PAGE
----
Landscaping business: developing your sales pitch and unique selling proposition (USP)
There are two (2) concepts that you must understand and embrace if you want to be successful in business. These concepts are your Elevator Pitch and your Unique Selling Proposition.
Tea elevator pitch is:
- a short sweet summary of what you do and it’s not really about trying to sell someone. So instead of telling someone “I mow the lawn,” you could say “We turn our clients’ yards into landscape masterpieces.”
- a tone for other people’s attention
- what you would say to people if you were in an elevator and only had 30 seconds (or 100-150 words) to impress or engage them
- a tone to get someone’s attention by telling them what you do and hopefully they will be interested in asking you for more information. It’s an introduction to what you do, and in the process, you create some intrigue and hopefully spark some questions from the listener.
His unique selling proposition is:
- the reason (or compelling point of difference) why your customers choose you over your competition
- The foundation of your advertising program: It’s what you communicate to your market. It can be your catchphrase or tagline.
- the foundation of your professional image: your image and branding are the result of designing your USP, and your image and branding is carried throughout your livery: clothing, uniforms, letterheads, business cards, magnetic stickers, motor vehicle signage, sites web, emails, flyers, brochures
- the first impression new customers and prospects have of you
- chances are it’s more important to have than your elevator pitch
If you avoid or skip defining your own USP, you will have a hard time growing your business.
Your Unique Selling Proposition is what you tell the market through your Flyers, Brochures, Website, Business Cards, Brochures, Radio Ads, etc. It helps remind potential and existing customers why you are different from your competitors. It’s a summary of all the benefits (as opposed to all the features) you provide to your customers.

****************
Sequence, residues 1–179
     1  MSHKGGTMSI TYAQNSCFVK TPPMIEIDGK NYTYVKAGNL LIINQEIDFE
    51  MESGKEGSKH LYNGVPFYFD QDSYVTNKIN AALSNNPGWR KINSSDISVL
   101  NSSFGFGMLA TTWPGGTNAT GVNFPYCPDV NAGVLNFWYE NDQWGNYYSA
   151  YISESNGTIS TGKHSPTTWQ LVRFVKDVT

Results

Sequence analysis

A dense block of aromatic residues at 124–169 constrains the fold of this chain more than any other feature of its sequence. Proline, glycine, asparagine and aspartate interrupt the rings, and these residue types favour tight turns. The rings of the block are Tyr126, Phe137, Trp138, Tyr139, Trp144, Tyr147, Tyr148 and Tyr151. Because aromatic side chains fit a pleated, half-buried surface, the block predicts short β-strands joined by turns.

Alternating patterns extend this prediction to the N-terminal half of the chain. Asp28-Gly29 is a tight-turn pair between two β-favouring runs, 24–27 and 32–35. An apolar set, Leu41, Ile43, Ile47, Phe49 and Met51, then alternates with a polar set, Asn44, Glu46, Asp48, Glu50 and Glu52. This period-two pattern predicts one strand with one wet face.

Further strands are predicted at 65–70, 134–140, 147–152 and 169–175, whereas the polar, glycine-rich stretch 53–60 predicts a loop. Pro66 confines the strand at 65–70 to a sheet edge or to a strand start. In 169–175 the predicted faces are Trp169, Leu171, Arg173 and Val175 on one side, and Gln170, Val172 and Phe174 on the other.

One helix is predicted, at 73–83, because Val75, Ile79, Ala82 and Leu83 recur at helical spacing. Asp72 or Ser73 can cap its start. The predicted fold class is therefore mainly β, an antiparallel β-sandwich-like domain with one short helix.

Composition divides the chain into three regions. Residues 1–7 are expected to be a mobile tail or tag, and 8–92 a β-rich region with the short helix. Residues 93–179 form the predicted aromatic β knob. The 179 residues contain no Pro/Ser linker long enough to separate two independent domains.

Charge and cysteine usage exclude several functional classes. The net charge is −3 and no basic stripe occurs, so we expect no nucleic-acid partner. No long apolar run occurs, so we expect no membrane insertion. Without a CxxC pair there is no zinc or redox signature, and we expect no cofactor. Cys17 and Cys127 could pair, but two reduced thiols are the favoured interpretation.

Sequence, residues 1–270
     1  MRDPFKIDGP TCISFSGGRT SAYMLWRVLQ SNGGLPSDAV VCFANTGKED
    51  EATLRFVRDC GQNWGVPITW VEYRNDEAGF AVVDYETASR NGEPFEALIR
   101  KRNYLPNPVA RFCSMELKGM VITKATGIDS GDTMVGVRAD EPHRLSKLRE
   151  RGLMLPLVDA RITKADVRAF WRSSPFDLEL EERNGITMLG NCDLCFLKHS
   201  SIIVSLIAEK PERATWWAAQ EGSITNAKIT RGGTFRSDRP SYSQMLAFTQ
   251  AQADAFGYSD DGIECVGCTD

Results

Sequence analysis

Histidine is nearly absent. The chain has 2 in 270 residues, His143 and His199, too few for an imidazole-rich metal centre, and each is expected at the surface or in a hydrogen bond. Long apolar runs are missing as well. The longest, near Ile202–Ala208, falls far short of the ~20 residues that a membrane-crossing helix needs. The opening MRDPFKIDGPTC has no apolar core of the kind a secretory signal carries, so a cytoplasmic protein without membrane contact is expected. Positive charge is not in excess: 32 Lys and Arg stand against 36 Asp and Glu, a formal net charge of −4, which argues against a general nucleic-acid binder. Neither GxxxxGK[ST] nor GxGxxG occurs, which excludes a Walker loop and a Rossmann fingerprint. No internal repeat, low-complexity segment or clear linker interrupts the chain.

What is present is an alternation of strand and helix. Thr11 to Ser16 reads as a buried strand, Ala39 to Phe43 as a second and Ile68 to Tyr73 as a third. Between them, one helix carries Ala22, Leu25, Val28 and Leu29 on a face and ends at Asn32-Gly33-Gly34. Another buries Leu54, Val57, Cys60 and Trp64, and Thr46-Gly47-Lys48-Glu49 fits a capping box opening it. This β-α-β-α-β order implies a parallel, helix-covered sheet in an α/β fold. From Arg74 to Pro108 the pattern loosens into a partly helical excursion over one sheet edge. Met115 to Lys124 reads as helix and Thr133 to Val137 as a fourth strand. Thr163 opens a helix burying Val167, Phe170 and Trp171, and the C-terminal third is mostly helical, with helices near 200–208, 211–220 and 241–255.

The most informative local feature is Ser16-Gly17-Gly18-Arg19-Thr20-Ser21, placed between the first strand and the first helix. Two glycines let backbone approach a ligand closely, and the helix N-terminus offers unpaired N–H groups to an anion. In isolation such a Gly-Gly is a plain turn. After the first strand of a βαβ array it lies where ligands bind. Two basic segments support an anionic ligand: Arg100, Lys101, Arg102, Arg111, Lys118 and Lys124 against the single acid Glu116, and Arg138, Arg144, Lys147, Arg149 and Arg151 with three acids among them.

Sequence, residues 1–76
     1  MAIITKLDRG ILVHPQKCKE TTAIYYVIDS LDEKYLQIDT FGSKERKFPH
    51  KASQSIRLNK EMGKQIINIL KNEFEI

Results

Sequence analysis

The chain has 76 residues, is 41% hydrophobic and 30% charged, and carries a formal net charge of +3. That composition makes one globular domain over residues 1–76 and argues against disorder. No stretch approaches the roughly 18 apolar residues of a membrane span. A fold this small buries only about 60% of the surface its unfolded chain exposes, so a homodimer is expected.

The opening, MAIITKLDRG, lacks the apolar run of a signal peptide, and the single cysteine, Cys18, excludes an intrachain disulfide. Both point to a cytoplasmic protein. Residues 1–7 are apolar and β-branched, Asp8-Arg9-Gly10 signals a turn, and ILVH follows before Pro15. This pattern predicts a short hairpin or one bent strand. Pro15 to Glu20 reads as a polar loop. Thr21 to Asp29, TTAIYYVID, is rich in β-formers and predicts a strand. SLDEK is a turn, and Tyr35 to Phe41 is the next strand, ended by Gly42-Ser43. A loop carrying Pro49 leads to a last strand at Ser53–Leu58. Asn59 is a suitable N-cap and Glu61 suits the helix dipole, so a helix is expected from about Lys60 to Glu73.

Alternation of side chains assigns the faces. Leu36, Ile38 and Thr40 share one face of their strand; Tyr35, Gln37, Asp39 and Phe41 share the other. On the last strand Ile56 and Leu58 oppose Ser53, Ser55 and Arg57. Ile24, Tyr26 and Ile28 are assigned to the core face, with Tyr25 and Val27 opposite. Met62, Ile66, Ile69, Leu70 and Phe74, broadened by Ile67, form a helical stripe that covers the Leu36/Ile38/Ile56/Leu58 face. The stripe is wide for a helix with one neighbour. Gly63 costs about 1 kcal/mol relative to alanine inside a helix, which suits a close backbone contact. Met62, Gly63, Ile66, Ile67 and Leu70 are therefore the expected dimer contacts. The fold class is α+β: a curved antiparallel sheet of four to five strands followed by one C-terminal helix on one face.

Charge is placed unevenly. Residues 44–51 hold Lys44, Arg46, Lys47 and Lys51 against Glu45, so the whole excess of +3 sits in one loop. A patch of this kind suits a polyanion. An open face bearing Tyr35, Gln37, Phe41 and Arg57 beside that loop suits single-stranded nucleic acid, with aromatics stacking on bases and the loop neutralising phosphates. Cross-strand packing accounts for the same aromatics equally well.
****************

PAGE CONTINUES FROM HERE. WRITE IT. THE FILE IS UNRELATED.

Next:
This point of difference (your USP) that you articulate can be something as insignificant as the location of your business, the way you provide your service, or the speed of service delivery. So when you develop these concepts or slogans don’t say something like “we provide excellent service”, because anyone can say that. In other words, there is NO point of difference here!
Famous examples of good Unique Selling Propositions include: “You get fresh, hot pizza delivered to your door in 30 minutes or less, or it’s free.”
Fedex: “When your package absolutely, positively has to get there overnight”
Of beers’: “Diamonds Are Forever”
You can see why Domino’s and FedEx slogans are so effective because they are very specific with their mentions of benefits and guarantees. These slogans or slogans are complete statements that can be verified by the customer and do not resort to marketing hype words like “latest”, “best”, “best”.
The “Advertising Age” voted DeBeers’ “Diamonds Are Forever” the best advertising slogan of the 20th century. Also, DeBeers would have greatly benefited from the glamorous James Bond movie and book of the same name.
In short, with both the Elevator Pitch and your Unique Selling Proposition, you are communicating to prospects and customers how you take Prospects with a Problem or Pain to another place where there is Pleasure.